SCAT stands for Sports Concussion Assessment Tool 5. It's a concussion evaluation tool used for people 13 years and older. It includes the SAC test and much more — a neck evaluation and balance assessment, yes/no symptom checklist and other information on injury and conditions associated with concussion. The SCAT5 takes about 15 to 20 minutes to complete. There's also a pediatric version for children ages 6 to 12.
MACE stands for Military Acute Concussion Evaluation. This test collects information about the event, concussion signs and symptoms and includes a version of the SAC test information.
BESS stands for Balance Error Scoring System. This test measures your balance. It consists of six stances:
Your eyes are closed and your hands are on your hips during this test. The stance is with your feet shoulder-width apart, one foot in front of the other and single leg stand on your non-dominant leg. All stances need to be held for 20 seconds.
Healthcare providers use the acute concussion evaluation (ACE) tool. It includes questions about the presence of concussion characteristics, a checklist of 22 concussion symptoms and risk factors that might lengthen recovery. The form collects specific information, including:
The post-concussion symptom scale (PCSS) is a self-reported test in which you rank 21 symptoms by severity (none to severe) at baseline and at various time points. Symptoms cover physical, thinking, sleep and emotional functioning.
The immediate post-concussion assessment and cognitive test is a computerized test for athletes 12 years and up. The test has three sections.
This testing platform now has a pediatric version as well as a quick test for diagnostic testing within an emergency room or urgent care setting.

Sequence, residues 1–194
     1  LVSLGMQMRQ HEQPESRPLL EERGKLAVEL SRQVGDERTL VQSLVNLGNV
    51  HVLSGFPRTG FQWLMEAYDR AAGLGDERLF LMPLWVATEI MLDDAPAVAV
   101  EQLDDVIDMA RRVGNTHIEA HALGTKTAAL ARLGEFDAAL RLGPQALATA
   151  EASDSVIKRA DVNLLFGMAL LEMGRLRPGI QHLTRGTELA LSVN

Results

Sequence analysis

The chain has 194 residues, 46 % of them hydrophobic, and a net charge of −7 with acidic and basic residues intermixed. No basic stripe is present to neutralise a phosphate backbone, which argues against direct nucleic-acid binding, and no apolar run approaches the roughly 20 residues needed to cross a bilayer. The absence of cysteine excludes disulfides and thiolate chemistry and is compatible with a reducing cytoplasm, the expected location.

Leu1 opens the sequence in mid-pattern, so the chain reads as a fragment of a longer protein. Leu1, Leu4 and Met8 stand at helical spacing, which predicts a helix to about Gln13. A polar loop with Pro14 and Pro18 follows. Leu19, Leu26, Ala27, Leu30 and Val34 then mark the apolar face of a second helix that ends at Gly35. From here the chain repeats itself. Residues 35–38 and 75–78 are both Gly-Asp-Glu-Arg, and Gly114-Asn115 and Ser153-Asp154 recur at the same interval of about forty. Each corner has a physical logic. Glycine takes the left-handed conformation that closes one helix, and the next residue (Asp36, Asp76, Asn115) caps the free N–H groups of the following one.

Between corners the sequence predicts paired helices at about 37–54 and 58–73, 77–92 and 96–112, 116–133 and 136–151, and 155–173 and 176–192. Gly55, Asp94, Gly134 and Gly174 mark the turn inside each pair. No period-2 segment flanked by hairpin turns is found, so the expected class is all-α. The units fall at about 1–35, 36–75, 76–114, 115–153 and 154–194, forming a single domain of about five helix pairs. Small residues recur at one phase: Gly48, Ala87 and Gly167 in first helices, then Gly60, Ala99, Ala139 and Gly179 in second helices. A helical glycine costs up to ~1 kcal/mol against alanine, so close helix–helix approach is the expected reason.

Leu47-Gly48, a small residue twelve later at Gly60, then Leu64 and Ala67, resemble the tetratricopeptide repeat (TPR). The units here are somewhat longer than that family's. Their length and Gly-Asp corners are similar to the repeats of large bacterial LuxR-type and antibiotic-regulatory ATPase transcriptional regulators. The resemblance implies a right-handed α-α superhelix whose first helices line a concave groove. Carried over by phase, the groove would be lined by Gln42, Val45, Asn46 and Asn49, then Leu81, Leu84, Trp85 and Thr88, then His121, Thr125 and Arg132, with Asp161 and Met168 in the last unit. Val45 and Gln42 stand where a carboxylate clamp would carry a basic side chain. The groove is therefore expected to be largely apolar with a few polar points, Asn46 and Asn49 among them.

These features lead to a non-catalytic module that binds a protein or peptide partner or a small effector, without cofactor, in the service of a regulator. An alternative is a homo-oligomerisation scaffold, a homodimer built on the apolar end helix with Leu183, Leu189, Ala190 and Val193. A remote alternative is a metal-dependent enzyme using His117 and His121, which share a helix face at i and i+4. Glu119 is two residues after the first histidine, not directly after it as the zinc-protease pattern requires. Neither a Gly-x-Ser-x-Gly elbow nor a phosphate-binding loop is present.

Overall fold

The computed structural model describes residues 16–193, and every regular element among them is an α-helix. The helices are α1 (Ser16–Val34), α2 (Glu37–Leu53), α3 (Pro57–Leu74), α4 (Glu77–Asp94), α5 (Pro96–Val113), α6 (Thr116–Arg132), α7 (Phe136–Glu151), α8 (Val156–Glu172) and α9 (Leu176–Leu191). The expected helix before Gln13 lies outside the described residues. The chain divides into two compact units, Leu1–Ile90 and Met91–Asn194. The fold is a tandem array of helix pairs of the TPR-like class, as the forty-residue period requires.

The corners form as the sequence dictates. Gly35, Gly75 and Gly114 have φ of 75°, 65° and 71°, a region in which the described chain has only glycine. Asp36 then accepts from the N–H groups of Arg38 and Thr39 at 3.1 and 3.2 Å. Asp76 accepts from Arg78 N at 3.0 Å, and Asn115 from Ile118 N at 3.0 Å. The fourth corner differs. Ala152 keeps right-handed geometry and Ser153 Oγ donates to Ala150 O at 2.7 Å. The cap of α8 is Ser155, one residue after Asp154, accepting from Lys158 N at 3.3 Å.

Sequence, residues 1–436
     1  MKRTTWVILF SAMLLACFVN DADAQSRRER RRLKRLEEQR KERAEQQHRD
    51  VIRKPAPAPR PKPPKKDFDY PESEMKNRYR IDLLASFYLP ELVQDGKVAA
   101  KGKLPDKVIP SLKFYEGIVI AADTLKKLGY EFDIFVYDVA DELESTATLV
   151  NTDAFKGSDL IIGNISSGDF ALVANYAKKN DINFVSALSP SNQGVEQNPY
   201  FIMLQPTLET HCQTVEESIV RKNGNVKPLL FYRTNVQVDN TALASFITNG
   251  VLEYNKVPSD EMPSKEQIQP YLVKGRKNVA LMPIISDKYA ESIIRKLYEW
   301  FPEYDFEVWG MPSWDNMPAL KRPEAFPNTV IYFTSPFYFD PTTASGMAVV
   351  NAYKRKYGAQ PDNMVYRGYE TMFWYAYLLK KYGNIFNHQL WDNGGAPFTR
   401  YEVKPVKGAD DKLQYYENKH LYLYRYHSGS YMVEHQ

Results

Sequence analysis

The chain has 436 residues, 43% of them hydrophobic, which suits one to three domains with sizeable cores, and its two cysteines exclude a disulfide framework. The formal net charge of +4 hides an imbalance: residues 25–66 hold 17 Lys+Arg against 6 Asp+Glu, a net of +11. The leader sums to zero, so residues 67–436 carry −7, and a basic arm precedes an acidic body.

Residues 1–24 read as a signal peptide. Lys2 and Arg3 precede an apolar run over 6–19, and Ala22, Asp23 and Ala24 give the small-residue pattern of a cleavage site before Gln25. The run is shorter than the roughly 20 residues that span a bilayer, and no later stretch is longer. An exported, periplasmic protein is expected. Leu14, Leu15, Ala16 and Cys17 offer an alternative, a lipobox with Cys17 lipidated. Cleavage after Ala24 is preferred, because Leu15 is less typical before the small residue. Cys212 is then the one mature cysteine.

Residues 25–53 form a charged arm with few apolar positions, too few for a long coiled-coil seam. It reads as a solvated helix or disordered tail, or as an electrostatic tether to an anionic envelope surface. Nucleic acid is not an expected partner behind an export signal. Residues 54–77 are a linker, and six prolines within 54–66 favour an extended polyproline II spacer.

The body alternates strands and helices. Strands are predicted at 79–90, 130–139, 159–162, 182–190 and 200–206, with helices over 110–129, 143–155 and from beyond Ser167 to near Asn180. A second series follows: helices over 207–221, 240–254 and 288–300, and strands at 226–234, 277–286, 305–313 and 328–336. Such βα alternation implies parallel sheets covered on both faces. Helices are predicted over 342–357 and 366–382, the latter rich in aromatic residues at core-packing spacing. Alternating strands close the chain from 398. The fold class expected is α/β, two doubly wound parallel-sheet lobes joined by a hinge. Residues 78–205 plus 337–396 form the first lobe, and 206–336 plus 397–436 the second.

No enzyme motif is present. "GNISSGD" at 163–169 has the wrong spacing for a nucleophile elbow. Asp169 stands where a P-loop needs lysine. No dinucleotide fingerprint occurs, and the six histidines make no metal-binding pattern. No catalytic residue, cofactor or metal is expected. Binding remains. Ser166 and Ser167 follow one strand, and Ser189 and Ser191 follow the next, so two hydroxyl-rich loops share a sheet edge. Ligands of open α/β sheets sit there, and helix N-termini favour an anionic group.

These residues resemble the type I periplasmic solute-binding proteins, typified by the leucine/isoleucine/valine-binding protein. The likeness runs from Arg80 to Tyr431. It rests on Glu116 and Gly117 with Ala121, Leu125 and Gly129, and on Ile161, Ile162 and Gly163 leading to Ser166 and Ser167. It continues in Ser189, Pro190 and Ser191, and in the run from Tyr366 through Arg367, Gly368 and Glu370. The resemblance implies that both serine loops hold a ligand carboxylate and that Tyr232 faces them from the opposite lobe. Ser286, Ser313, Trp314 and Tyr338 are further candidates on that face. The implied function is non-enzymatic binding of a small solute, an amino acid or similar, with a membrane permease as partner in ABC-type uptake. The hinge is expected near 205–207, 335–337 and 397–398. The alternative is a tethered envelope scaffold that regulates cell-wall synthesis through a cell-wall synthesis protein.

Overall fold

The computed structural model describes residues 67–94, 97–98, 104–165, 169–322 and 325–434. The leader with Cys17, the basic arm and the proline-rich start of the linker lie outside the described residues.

C3 Logix (proprietary test)
Cleveland Clinic has developed its own concussion mobile application for medical professionals who assess and manage concussions. After baseline data is collected, the C3 app is used to:
The C3 app compares assessments after injury to athlete baseline and normative data of balance, information processing, reaction time, sequencing, coordination and vision.
Although these tests are useful to identify a possible concussion, you should still see your healthcare provider (if the test wasn’t administered by a medical professional). Your healthcare provider or neurology team will also do a complete exam including balance and vision checks. They may also order imaging tests, including MRI or CT scans, to check for bruising or bleeding in your brain. There’s also a blood test called the brain trauma indicator. This blood test measures specific proteins in blood released after mild traumatic brain injury. The presence of these proteins may indicate a brain bleed.
These types of concussion tests are mostly performed on student athletes. Student athletes who play in contact sports usually undergo a baseline concussion test before the start of their season. This questionnaire measures normal brain function in areas including memory, speed of thinking and attention. Computerized testing is often similar to playing a video game. If the athlete experiences a head injury any time during the season, they are removed from play and retested. The results of the current concussion test are compared to the preseason results.